Amanda Hocking “Switched” away from digital lending

Earlier today, we received an email from a Lendler / Amanda Hocking fan, letting us know that there is an issue with Hocking’s book, Switched:

You may or may not be aware of this situation, seeing as how I always see this set of books being added to the site frequently.  Actually, I am seeing that you do know about this situation after looking at the “available now” section.  Anyway, I have someone wanting to borrow “Switched” by Amanda Hocking from me.  Trying to lend and it will not work.  I originally borrowed two of this series through lendle (yay), but after reading an article on the author’s blog last week, I went ahead and purchased the two that I had lent, in case I wanted read them again and the new books will  be at a higher price.  She is planning on unpublishing the series from Amazon and re-releasing through her publisher in a few months.

The pertinent bit from the Amanda Hocking blog post:

Which brings me to the next point. As of August 1, 2011 I’m going to be unpublishing Switched. The release date for the St. Martin’s edition of Switched is set for January 2012, and we (both me and the publisher) want that to have the most success it can, so we want to give Switched some time off the market.

I’m leaving both Torn and Ascend for sale until September 1, 2011 when I’ll be unpublishing them both. I’m leaving for sale longer, so people who buy Switched now have a full month to purchase the other two books in their current state at their current price.

The upshot to all this is that anyone who bought (or buys) these books will no longer be able to lend them, once they’re nuked from Amazon’s catalogue. It simply won’t be possible. We think that’s a bit rotten, but it’s happening.

We reached out to Hocking, via Twitter, and she was kind enough to respond:

I didn’t know this would happen until after I did it. But that should be taken up wit Amazon. I think it should still be lendable PERMALINK

We agree, of course. Unfortunately, or predictably, when situations like this arise, Amazon’s stock answer is to lay blame at the feet of publishers. This leaves readers stuck in the middle of a finger pointing contest that rarely, if ever, leads to straight answers. Indeed, when we asked an Amazon CSR about the status of purged books, we were incorrectly told that they were still lendable. We’ve since confirmed that this isn’t so.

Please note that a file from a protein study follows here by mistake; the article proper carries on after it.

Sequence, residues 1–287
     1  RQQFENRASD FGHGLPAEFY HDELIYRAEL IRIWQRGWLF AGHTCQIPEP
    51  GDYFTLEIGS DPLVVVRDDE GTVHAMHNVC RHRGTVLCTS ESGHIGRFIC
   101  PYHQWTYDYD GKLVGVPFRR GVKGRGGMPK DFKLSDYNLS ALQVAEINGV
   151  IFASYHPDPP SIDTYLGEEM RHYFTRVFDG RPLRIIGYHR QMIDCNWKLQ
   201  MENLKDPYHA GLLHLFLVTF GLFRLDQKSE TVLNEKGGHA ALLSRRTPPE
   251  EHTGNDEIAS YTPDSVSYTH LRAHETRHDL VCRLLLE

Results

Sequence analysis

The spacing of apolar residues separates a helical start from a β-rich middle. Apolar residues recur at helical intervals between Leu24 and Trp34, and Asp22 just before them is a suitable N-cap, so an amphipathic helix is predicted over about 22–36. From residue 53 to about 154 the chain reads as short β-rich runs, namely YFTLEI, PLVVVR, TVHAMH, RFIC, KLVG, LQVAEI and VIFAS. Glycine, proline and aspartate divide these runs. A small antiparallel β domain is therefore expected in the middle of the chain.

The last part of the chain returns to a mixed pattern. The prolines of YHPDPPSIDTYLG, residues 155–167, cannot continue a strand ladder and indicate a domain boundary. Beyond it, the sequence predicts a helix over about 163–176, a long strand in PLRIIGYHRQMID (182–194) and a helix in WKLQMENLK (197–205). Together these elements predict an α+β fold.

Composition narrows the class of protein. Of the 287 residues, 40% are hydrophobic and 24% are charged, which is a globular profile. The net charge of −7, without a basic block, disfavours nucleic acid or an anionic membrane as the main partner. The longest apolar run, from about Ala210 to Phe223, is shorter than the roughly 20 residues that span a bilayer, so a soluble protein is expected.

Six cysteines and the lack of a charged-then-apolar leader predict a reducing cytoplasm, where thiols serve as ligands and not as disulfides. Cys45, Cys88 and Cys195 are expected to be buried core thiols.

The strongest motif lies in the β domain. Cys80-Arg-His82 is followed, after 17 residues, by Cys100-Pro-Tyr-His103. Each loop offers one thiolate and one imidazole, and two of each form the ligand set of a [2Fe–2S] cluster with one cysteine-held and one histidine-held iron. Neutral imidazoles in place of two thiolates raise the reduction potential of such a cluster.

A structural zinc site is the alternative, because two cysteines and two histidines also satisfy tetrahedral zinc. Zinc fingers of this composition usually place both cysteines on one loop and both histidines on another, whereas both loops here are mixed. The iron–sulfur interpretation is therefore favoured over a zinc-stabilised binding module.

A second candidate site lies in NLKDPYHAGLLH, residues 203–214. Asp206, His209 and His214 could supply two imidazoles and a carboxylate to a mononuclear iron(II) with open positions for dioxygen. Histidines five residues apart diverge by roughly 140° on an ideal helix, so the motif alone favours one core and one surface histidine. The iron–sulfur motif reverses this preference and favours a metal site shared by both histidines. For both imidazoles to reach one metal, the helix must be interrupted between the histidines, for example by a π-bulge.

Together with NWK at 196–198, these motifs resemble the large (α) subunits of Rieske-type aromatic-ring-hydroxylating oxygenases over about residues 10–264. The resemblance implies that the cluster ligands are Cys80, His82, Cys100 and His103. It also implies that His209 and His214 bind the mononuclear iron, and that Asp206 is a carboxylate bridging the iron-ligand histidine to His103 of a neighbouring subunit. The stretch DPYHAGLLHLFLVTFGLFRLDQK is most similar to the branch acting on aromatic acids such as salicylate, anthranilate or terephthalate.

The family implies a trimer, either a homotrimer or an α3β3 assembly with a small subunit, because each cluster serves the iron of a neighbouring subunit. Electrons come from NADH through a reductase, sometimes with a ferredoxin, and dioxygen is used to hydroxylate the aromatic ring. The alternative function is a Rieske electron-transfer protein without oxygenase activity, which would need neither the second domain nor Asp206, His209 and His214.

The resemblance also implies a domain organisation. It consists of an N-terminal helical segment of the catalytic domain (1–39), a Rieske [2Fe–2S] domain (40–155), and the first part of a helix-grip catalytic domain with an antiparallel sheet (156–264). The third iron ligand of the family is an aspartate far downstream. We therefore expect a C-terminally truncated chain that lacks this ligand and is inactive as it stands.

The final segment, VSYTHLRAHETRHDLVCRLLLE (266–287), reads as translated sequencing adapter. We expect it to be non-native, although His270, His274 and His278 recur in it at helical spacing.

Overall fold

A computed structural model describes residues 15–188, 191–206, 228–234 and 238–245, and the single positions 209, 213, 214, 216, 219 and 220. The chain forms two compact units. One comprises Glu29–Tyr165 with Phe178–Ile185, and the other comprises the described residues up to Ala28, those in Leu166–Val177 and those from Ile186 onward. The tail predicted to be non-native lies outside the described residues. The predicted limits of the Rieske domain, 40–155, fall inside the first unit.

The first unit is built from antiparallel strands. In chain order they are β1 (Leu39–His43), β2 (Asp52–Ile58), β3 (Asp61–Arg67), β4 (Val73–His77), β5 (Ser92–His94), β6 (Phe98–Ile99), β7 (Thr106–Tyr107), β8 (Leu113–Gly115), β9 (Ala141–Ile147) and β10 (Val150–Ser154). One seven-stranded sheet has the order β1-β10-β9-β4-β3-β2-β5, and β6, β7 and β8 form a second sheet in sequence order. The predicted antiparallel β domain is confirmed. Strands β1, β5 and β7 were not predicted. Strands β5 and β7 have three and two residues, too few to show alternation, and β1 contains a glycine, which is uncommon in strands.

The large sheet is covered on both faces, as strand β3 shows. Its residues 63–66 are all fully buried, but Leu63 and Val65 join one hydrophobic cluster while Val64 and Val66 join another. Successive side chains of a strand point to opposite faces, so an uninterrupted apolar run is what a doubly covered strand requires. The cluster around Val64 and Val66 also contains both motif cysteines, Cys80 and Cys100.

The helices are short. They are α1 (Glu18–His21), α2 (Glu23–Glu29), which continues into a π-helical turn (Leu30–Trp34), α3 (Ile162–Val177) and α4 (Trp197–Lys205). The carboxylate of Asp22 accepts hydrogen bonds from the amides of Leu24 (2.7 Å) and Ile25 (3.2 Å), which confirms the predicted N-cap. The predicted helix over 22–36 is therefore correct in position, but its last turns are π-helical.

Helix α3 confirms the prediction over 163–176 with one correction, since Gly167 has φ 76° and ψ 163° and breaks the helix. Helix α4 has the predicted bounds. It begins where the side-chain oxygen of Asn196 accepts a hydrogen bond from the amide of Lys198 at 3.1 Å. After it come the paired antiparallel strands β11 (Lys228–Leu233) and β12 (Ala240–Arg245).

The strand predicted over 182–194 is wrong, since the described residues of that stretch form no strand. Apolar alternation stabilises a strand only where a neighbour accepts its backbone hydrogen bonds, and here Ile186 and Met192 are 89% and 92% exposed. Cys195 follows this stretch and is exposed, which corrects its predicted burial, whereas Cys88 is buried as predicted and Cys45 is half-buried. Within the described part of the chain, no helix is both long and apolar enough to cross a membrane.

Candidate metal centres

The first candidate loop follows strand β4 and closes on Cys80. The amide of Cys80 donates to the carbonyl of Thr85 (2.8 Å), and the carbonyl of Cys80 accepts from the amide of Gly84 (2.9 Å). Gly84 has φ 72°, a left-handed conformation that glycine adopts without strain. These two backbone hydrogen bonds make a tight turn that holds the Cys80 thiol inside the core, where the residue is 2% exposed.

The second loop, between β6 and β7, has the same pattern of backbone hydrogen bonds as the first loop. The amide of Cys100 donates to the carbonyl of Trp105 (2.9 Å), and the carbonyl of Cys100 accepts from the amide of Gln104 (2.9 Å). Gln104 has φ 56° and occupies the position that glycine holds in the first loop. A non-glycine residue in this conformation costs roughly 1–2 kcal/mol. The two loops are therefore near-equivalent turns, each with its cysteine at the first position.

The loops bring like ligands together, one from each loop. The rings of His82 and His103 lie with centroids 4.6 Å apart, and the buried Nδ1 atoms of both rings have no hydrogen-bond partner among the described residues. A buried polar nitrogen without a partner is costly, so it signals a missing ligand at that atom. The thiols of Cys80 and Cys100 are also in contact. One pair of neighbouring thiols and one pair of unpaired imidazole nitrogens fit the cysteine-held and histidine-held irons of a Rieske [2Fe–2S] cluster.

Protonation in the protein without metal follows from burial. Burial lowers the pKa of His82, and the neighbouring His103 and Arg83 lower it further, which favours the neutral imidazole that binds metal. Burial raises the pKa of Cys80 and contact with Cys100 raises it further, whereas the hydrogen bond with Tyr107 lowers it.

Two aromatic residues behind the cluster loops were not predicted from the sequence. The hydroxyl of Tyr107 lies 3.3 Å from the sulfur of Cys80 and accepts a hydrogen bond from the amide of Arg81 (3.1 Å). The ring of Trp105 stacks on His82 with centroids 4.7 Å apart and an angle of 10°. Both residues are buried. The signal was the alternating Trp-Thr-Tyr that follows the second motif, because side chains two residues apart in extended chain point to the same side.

At any rate, Amazon is far more likely to listen to Amanda Hocking, successful novelist, than to Lendle, lovable lending site. Given that she believes her book should still be lendable, it seems as though it’s her responsibility to ask why it’s not — especially given that it’s her legion of loyal fans that is now left in the lurch.

Looking toward the future, we’ve followed up with Hocking in an effort to find out if the new editions of her books will be lending-enabled. Given that she’s signed with St. Martin’s Press, a Macmillan imprint, this seems unlikely — though we’re hoping our cynicism is unwarranted.  

If it’s not, this would be a bit of a change of pace for Hocking, whose success has been based largely on the word-of-mouth of her fans, and the devoted following it has engendered. It’ll be a shame if she’s forced to offer a less-compelling product based on a new publishing arrangement. 

It should be said that we’ve got nothing but respect for any author who can do what Hocking has done, and we certainly don’t begrudge her the decision to “go pro” — we sincerely hope she finds even more success now that she’s earned the backing of a major publisher. If her fans love her books, we think that means they’re worth more than the $0.99 she’s been charging, and that she’s earned the right to ask for more without being criticized.

Still, we definitely hope she’ll have more of an influence on St. Martin’s Press and Macmillan than they’ll have on her. They could learn a lot from Hocking’s early successes, so hopefully they’re paying attention and not just cashing in on an underdog story.

They could learn a lot from us, as well: We found out about all of this from a Lendler who only bought Amanda Hocking’s books after borrowing them through our service. She read them, liked them, and was nevertheless willing to pay for them. That’s Neil Gaiman’s vision, and it’s a success strategy that’s been proven out time and again in other industries. What’s so hard to understand about that?

Ending on the bright(er) side:

Also because I did this, Switched will be more readily available in libraries, so it will actually be more lendable in the future PERMALINK

That’s something, anyway.